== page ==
Stratigraphically rooted trees suggest that most well-sampled Metrarabdotos and Stylopoma species originated fully differentiated morphologically and persisted unchanged for > 1 to > 16 m.y., typically alongside their putative ancestors. Moreover, the tight correlation between phenetic, cladistic, and genetic distances among living Stylopoma species suggests that changes in all three variables occurred together during speciation. All of these observations support the punctuated equilibrium model of speciation.
During pregnancy, glycine and serine become more important because they are the primary suppliers of methyl groups for the synthesis of fetal DNA, and more glycine is required for fetal collagen synthesis as pregnancy progresses. In an earlier study, we reported that glycine flux decreased by 39 % from the first to the third trimester in pregnant adolescent girls. As serine is a primary precursor for glycine synthesis, the objective of this study was to measure and compare glycine and serine fluxes and inter-conversions in pregnant adolescent girls and adult women in the first and third trimesters. Measurements were made after an overnight fast by continuous intravenous infusions of 2H2-glycine and 15N-serine in eleven adolescent girls (17·4 (se 0·1) years of age) and in ten adult women (25·8 (se 0·5) years of age) for 4 h. Adolescent girls had significantly slower glycine flux and they made less glycine from serine in the third (P<0·05) than in the first trimester. Baby birth length was significantly shorter of adolescent girls (P=0·04) and was significantly associated with third trimester glycine flux. These findings suggest that the pregnant adolescent cannot maintain glycine flux in late pregnancy compared with early pregnancy because of decreased synthesis from serine. It is possible that the inability to maintain glycine synthesis makes her fetus vulnerable to impaired cartilage synthesis, and thus linear growth.
The Milwaukee protocol has been attributed to survival in rabies encephalitis despite a lack of scientific evidence supporting its therapeutic measures. We have reviewed the literature with reference to specific treatment recommendations made within the protocol. Current literature fails to support an important role for excitotoxicity and cerebral vasospasm in rabies encephalitis. Therapies suggested in the Milwaukee protocol include therapeutic coma, ketamine infusion, amantadine, and the screening/prophylaxis/management of cerebral vasospasm. None of these therapies can be substantiated in rabies or other forms of acute viral encephalitis. Serious concerns over the current protocol recommendations are warranted. The recommendations made by the Milwaukee protocol warrant serious reconsideration before any future use of this failed protocol.
The fundamental role played by good nutrition in enabling personal, social and economic development is now widely recognised as presenting a fundamental global challenge that has to be addressed if major national and international problems are to be resolved in the coming decades. The recent focus provided by the Millennium Development Goals and the Scaling-Up-Nutrition (SUN) movement has been towards reducing the extent of nutrition-related malnutrition in high-burden countries. This has served to emphasise that there is a problem of inadequate professional capacity in nutrition that is sufficiently widespread to severely limit all attempts at the effective delivery and sustainability of nutrition-related and nutrition-enabling interventions that have impact at scale. Many high-burden countries are in sub-Saharan Africa where there is a high dependency on external technical support to address nutrition-related problems. We have sought to explore the nature and magnitude of the capacity needs with a particular focus on achieving levels of competency within standardised professional pre-service training which is fit-for-purpose to meet the objectives within the SUN movement in Africa. We review our experience of engaging with stakeholders through workshops, a gap analysis of the extent of the problem to be addressed, and a review of current efforts in Africa to move the agenda forward. We conclude that there are high aspirations but severely limited human resource and capacity for training that is fit-for-purpose at all skill levels in nutrition-related subjects in Africa. There are no structured or collaborative plans within professional groups to address the wide gap between what is currently available, the ongoing needs and the future expectations for meeting local technical and professional capability. Programmatic initiatives encouraged by agencies and other external players, will need to be matched by improved local capabilities to address the serious efforts required to meet the needs for sustained improvements related to SUN in high-burden countries. Importantly, there are pockets of effort which need to be encouraged within a context in which experience can be shared and mutual support provided.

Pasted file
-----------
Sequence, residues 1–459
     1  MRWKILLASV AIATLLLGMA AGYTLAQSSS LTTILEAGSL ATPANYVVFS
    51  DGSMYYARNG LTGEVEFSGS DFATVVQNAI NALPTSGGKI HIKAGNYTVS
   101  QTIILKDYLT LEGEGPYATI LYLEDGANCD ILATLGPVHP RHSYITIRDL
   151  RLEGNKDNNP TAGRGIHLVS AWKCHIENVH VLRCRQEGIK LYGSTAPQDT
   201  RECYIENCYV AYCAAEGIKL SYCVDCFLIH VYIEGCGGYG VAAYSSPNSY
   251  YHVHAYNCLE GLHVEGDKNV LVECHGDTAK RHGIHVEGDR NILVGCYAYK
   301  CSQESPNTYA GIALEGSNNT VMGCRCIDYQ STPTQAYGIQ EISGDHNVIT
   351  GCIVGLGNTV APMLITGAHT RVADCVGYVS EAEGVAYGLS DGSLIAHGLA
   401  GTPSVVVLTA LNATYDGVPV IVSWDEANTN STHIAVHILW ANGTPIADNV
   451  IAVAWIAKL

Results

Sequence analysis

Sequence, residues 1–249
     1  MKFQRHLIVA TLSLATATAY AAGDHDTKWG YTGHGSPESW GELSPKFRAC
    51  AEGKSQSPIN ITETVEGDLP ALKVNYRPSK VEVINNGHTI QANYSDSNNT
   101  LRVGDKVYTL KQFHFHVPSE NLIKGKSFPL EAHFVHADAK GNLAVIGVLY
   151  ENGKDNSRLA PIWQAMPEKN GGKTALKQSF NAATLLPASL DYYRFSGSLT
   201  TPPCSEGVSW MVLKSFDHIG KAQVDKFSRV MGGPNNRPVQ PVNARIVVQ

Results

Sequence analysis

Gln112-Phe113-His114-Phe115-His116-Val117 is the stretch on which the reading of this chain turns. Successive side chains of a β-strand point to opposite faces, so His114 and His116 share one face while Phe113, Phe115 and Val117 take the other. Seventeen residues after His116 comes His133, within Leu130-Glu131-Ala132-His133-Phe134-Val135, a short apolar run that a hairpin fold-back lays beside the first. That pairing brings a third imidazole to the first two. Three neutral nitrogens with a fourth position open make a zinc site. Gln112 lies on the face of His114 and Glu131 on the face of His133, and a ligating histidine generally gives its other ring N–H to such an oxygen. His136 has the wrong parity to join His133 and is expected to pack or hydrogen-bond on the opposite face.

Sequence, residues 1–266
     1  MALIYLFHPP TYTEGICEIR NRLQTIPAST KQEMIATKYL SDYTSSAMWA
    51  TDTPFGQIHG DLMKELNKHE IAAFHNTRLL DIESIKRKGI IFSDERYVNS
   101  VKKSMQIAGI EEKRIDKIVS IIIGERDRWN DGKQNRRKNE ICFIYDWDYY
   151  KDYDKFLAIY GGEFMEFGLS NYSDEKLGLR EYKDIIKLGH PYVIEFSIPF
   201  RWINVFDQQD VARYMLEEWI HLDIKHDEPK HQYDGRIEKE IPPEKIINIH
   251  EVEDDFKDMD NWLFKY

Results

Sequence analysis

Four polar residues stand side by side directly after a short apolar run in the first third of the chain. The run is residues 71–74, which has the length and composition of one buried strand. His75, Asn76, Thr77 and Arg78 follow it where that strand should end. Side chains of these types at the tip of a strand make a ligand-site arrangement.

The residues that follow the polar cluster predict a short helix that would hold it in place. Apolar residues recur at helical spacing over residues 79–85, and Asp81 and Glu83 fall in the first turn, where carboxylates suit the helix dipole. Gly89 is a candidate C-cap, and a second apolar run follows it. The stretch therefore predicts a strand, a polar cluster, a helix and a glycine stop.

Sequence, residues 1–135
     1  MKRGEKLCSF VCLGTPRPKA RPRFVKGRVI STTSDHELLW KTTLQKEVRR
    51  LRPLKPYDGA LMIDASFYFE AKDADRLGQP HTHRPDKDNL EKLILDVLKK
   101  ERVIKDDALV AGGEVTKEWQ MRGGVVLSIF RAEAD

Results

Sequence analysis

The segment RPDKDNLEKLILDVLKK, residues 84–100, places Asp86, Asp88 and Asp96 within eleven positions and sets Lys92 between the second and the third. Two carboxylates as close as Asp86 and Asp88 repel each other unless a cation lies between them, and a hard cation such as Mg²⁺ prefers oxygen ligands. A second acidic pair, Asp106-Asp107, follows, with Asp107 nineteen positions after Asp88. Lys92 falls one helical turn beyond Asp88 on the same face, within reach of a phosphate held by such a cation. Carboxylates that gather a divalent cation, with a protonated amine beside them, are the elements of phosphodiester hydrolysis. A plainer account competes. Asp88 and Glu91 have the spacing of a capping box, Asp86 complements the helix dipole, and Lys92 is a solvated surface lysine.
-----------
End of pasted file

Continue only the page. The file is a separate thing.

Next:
During pregnancy, adult women with a normal BMI synthesise extra amino acids after an overnight fast by increasing body protein breakdown and decreasing amino acid oxidation. It is not known whether adolescent girls can make these adaptations during pregnancy. The present study aimed to measure and compare the protein, glutamine and alanine kinetics of adult women and adolescent girls at early-, mid- and late-pregnancy. Kinetics were measured in the overnight fasted state using intravenous infusions of 13C-leucine, 15N-glutamine and 15N-alanine in ten adults and twenty adolescents aged 14–17 years in the first and second trimesters (phase 1 study) and infusions of 13C-leucine and 15N2-urea in ten adults and eleven adolescents aged 16–17 years in the first and third trimesters (phase 2 study). In phase 1 study, there were no significant differences between the groups with regard to any of the kinetic parameters measured. In both groups, leucine flux increased (P< 0·05), the percentage of leucine flux oxidised decreased (P< 0·05) and non-oxidative leucine disposal to protein synthesis increased (P< 0·05) from the first to the second trimester. In phase2 study, leucine flux was significantly slower (P< 0·05) in the adult group than in the adolescent group during both trimesters, and whole-body leucine flux and non-oxidative leucine disposal increased significantly in the adolescent group (P< 0·05, respectively) and were higher in the adult group from the first to the third trimester. These results suggest that similar to their adult counterparts after an overnight fast, adolescent girls with a normal BMI provide extra amino acids required for net protein deposition during pregnancy by increasing protein breakdown and decreasing amino acid oxidation.